Old Town Hall Homes: Relocation complete; Demolition preparations to begin early next week
All 20 former senior residents of the Old Town Hall Homes development have been relocated. Demolition preparations are expected to begin the first week of January, according to Darien Housing Authority Chairman Joe Warren.
“We are about two months ahead of schedule,” Warren said.
The Darien Housing Authority (DHA) owns and operates Old Town Hall Homes, a senior affordable housing complex at 719 Post Road.
The current complex of six buildings and 30 apartments will be demolished and replaced with a new stand-alone building with 55 units.
In addition to adding 25 more one-bedroom units, all of the apartments in the new building will be considerably larger than the current studio and one-bedroom units.
Other upgrades will include indoor access to mail and shared community spaces. In addition, second floor apartments will be accessible by both outdoor and indoor stairways, and there will be elevators and handicap-accessible entrances.
Plans for the redevelopment were approved by the town’s Planning & Zoning Commission in 2016. After extended delays, the project was approved by the State Department of Housing and cleared for funding in May 2018.
The total project cost is estimated at $22 million, with the majority of the funding being provided by state grants and private equity investments.
The Housing Authority recently voted to approve a resolution to issue up to $12 million in bonds to help with the financing of the complex.
According to Warren, the Housing Authority needs to sell bonds as part of the funding for the project.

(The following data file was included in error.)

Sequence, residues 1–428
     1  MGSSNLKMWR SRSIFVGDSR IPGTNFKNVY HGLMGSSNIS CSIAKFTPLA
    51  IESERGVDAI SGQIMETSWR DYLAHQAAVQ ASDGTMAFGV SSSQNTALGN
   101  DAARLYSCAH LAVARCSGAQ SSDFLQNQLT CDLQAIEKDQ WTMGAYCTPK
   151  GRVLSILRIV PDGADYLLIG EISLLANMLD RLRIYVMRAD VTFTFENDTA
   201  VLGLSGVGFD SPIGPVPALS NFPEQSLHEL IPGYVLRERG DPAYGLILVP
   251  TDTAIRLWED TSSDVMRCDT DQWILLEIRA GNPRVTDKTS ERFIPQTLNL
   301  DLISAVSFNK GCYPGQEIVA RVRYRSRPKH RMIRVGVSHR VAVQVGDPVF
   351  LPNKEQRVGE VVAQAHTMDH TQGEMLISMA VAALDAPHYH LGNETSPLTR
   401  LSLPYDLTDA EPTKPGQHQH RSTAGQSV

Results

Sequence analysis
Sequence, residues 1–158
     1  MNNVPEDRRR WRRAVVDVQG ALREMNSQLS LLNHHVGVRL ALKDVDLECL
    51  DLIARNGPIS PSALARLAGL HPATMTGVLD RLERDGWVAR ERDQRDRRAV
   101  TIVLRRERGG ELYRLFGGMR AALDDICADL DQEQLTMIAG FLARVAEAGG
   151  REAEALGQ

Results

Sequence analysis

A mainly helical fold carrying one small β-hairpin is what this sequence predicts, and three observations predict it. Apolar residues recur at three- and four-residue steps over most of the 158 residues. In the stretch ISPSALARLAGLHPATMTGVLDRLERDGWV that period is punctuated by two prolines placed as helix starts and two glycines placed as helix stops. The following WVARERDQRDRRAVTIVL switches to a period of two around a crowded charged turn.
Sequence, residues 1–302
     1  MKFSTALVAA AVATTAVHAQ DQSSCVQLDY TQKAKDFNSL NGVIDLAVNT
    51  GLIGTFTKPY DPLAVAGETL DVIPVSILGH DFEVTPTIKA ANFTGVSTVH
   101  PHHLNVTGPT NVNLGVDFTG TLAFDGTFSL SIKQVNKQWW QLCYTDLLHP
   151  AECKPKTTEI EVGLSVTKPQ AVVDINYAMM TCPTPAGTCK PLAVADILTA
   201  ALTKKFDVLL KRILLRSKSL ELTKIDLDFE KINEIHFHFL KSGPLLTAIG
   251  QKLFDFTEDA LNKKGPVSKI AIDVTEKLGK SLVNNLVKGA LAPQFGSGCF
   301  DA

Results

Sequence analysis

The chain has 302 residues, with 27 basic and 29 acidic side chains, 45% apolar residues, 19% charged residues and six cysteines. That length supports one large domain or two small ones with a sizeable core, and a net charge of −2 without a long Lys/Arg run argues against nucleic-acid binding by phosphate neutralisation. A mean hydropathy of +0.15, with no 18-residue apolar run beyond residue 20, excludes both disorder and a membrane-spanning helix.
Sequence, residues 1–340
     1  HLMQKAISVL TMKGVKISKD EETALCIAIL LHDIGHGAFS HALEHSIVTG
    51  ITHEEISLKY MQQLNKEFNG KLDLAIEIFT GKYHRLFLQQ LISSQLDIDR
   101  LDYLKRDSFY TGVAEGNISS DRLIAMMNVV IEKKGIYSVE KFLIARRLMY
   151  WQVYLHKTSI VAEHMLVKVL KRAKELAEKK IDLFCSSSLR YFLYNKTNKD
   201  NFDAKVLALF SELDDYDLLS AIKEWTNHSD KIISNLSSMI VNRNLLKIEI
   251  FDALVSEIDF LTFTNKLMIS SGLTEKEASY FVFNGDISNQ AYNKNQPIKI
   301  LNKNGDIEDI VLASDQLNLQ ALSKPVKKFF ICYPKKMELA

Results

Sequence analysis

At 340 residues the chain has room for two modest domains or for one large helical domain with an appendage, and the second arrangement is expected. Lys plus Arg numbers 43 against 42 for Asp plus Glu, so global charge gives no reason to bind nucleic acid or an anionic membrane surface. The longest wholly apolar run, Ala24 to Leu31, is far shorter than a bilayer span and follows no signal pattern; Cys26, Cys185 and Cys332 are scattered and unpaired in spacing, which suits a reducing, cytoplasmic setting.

The public hearing to issue the bonds is tentatively scheduled for Jan. 22 at Town Hall. The exact date and time will be determined within the coming weeks and announced on the town website.
The majority of the prior residents of the complex have remained in town, according to Warren.
Four were relocated to Stamford and two to Norwalk. Two others went to live with family in Maine and Rhode Island.
All the tenants of the development “are happy with their new location,” he said.
Expected construction of the project will take about 18 months, “so we are looking in the middle of 2020 (for its completion),” Warren said.
He added that, as with all construction projects, there is always the possibility that something unforeseen can happen.
“We have built contingencies both into the funding and into the timing of this project,” he said.
The biggest impact the redevelopment will have on the town, according to Warren, is its capability to accommodate more people.
“We have a waiting list of seniors who want to get into senior housing because the current facilities were only big enough to house 23 residents,” Warren said. “Now, more elderly people will be able to stay in Darien.”